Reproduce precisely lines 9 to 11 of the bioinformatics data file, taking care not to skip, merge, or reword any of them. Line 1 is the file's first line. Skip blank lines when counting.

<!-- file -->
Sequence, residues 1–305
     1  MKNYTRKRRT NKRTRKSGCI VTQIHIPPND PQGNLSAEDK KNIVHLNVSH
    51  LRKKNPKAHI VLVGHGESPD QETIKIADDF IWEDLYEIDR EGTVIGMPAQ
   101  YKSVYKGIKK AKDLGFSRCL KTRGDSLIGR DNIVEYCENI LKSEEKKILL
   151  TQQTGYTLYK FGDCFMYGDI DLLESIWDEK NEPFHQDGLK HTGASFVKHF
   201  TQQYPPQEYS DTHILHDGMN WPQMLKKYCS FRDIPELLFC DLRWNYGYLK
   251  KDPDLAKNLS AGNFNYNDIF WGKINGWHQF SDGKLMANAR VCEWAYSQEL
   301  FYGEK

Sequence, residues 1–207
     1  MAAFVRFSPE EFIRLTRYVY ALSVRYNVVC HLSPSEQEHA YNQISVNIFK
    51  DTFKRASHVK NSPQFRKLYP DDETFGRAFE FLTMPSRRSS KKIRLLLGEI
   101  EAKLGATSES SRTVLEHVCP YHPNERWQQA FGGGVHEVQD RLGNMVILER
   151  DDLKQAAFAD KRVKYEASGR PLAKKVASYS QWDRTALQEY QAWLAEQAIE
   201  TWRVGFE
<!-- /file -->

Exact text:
Sequence, residues 1–207
     1  MAAFVRFSPE EFIRLTRYVY ALSVRYNVVC HLSPSEQEHA YNQISVNIFK
    51  DTFKRASHVK NSPQFRKLYP DDETFGRAFE FLTMPSRRSS KKIRLLLGEI